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Monday, September 15, 2014

All Work and No Play

The Fast Company article I’ve chosen to link to today is timed badly for me. It’s titled, “Why You Need to Stop Bragging about How Busy You Are.” It is a story telling of journalist Brigid Schulte’s journey to writing a book on being overwhelmed…and learning how to deal with it. (See this for more information:

Frankly, after reading about her life and the myriad of performance challenges she faced, I’m still trying to figure out how she had time to write a book! It seems the busy people get more busy. Until the consequences set in.

I mentioned the timing of this article was bad for me because this week is “one of those weeks.” It starts early today with a meeting at 7:30. It will end this evening when I return home around 7:30 p.m. after the 40 mile commute. It is a week filled with the normal work schedule—plus some—that takes me into Thursday night when I have a monthly church leadership meeting. Friday morning, I have an early flight to Pittsburgh and speak to a men’s group four times before returning home on go back to work on Monday.

My good news is found in this being unusual. For some, this is the norm. And this is the reason Brigid writes about being overwhelmed.

She admits to having bought into a “culture of busy.” A status symbol has emerged from this kind of work environment. With it comes complaining about not having enough hours in the day. The work day hours keep getting longer in this culture.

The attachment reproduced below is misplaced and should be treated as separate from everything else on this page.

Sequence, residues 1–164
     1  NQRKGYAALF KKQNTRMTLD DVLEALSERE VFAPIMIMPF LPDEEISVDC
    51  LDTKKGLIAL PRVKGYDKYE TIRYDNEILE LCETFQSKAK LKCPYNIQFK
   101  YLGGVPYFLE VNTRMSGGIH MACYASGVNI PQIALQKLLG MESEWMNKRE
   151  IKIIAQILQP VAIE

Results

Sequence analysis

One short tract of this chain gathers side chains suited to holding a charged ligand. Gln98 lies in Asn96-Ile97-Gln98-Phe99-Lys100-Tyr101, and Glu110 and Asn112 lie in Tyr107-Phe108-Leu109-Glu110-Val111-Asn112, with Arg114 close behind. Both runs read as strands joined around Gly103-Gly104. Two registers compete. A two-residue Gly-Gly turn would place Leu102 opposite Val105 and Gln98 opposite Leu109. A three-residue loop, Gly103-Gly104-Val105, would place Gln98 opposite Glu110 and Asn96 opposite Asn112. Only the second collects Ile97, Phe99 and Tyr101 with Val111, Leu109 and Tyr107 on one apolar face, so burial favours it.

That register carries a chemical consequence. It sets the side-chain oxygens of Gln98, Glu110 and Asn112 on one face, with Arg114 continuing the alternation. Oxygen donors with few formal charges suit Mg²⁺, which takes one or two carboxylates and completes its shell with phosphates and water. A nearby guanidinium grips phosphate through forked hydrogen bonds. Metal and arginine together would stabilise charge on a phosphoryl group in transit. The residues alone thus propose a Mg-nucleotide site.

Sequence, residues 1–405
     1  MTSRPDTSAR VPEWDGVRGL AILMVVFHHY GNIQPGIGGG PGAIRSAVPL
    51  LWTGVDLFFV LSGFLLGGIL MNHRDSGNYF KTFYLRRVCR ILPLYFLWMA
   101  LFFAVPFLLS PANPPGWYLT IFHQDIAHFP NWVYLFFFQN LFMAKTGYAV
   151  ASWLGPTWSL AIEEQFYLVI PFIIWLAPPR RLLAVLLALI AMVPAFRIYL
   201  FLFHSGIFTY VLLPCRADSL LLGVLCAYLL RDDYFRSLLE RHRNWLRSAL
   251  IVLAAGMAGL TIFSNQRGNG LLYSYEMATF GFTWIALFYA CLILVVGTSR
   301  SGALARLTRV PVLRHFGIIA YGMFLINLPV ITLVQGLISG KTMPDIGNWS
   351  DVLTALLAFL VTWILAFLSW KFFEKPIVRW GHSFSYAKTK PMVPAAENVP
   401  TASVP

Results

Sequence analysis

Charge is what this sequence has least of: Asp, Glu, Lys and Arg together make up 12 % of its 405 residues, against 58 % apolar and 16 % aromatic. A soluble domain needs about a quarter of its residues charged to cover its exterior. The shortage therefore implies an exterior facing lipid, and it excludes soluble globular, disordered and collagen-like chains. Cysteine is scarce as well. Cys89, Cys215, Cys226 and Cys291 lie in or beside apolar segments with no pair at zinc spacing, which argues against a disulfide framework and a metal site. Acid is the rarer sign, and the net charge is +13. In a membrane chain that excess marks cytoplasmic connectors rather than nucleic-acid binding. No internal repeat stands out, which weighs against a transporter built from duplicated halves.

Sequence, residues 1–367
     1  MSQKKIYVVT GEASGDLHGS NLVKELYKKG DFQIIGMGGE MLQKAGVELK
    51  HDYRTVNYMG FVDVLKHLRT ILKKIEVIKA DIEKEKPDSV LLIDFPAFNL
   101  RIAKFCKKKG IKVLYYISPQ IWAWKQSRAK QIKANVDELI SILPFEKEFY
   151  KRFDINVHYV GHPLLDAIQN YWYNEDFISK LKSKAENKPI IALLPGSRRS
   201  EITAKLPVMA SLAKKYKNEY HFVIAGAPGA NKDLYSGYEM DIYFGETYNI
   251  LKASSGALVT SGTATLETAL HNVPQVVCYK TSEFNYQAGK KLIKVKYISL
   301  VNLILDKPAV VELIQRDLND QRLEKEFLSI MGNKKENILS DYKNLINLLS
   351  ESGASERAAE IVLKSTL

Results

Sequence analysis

Ms. Schulte has a case study from a Florida psychologist who researched what it took to be best at something. This pschologist traveled to Berlin where he studied time logs of successful musicians. He discovered the virtuosos practiced the hardest for no more than 90 minutes. They also took more naps than their less successful peers.

An important principle presented is that leisure time is when our brain works to solve important issues. I like leisure time. My brain is generally fond of it as well.

But the bigger point is to answer the question of how to change the culture of busyness. Ms. Schulte reports that Menlo Innovations has a most unusual policy in corporate America. Simply stated, “if you cannot figure out how to do your job in 40 hours, we will fire you.” Works for me!

Will the boss put the brakes on? That’s what creates the pressure for others to stay the long hours. But if leadership leads in giving people balance back in their lives, it can work.

The overwhelmed and overburdened worker has an almost impossible task to regenerate. In part, it’s because sleep does not come easy. The Preacher wrote, “All their days their work is grief and pain; even at night their minds do not rest. This too is meaningless.” Ecclesiastes 2:23 (NIV)

Did you get that? Meaningless. Let’s say it again. Meaningless. All that time, effort, and stress. And in the end…meaningless.

And there’s the classic maxim we learned from James Howell in his 1659 book Proverbs in English, Italian, French and Spanish, “All work and no play makes Jack a dull boy.” Not only dull, but burned out.

If you find you’re overwhelmed, it’s time to punch something out. Like a time clock.

That’s The Way WE Work. Click on the link to the right to connect via Facebook.

Listen each weekday, from 4-6 pm Central Time, to Let’s Talk with Mark Elfstrand. AM1160 in Chicagoland, AM1160 app, or online/podcast at

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